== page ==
Prenatal dioxin exposure and neurocognitive development in Hong Kong 11-year-old children

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Background and objectives

In utero exposure to dioxins and related compounds have been associated with adverse neurocognitive development in infants. It is unclear whether neurodevelopmental deficits persist to childhood. We assessed the association of prenatal dioxin exposure with neurocognitive function in 11-year-old children, and to test whether the association is modified by duration of breastfeeding.


In this prospective study of 161 children born in Hong Kong in 2002, prenatal dioxin exposure was proxied by the dioxin toxicity equivalence (TEQ) in breast milk collected during the early postnatal period as determined by the Chemical-Activated LUciferase gene eXpression (CALUX) bioassay. We used multivariate linear regression analyses to assess the association of prenatal dioxin exposure with the performance on the Wechsler Intelligence Scale for Children-IV, Hong Kong, the Hong Kong List Learning Test, the Tests for Everyday Attention for Children and the Grooved Pegboard Test, adjusting for child's sex, mother's place of birth, mother's habitual seafood consumption, mother's age at delivery and socioeconomic position.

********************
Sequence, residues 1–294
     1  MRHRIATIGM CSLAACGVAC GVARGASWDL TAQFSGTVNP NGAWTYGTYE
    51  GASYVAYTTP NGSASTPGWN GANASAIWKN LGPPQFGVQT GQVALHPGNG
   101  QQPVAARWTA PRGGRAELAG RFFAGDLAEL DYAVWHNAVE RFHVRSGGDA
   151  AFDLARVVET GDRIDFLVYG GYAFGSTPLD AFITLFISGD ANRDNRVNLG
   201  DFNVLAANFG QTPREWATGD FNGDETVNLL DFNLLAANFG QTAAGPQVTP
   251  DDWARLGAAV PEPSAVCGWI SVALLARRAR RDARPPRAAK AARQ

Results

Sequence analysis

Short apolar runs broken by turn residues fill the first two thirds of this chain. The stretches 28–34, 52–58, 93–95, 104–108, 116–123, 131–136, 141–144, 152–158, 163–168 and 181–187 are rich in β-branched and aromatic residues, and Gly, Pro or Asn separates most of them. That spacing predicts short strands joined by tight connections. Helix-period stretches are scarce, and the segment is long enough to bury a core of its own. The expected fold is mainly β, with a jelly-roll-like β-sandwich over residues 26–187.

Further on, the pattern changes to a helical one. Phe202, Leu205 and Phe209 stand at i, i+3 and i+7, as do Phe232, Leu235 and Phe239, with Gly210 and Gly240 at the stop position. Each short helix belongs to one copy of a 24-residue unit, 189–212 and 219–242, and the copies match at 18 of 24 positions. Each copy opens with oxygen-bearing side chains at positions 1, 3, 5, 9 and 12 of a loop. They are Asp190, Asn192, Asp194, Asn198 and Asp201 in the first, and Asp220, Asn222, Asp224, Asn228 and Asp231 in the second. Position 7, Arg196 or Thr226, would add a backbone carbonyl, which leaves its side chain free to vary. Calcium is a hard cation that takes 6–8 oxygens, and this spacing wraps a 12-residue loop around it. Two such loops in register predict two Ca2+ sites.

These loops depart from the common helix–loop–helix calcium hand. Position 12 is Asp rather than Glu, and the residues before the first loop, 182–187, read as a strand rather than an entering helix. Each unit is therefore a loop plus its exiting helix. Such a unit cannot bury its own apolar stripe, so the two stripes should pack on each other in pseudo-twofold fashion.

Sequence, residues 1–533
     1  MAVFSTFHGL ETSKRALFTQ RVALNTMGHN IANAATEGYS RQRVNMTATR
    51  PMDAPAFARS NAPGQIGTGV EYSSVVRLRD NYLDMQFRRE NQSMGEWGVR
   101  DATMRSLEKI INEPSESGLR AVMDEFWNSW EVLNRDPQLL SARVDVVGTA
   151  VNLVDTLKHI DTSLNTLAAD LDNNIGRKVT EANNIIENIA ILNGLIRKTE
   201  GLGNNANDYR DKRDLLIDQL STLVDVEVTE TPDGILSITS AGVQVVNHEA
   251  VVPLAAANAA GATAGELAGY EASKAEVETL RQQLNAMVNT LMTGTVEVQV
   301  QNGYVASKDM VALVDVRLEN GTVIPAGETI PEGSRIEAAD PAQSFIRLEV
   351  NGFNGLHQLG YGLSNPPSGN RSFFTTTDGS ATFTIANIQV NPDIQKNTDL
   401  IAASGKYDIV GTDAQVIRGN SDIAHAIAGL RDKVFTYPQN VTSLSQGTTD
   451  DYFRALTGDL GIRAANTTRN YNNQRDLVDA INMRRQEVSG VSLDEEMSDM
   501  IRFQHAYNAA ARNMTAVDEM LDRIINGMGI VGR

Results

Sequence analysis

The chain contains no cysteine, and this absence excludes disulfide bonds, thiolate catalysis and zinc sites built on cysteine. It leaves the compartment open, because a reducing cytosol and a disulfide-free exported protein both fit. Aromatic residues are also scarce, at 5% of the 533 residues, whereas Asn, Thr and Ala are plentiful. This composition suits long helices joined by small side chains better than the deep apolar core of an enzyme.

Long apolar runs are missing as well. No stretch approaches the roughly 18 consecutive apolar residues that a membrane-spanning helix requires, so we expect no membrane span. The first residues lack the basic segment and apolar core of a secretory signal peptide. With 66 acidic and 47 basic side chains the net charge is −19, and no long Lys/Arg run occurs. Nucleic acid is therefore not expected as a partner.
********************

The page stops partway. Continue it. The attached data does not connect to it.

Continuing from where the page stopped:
Measures of neurocognitive and intellectual function, including full-scale IQ, fine motor coordination, verbal and non-verbal reasoning, learning ability and attention at 11 years old did not show significant variations with prenatal dioxin exposures (proxied by CALUX-TEQ total dioxin load in early breast milk). None of these associations varied by breastfeeding duration or sex.


Neurocongitive function, as measured with psychological tests, in 11-year-old children was not associated with prenatal dioxin exposure to background levels of dioxins in the 2000s in Hong Kong.

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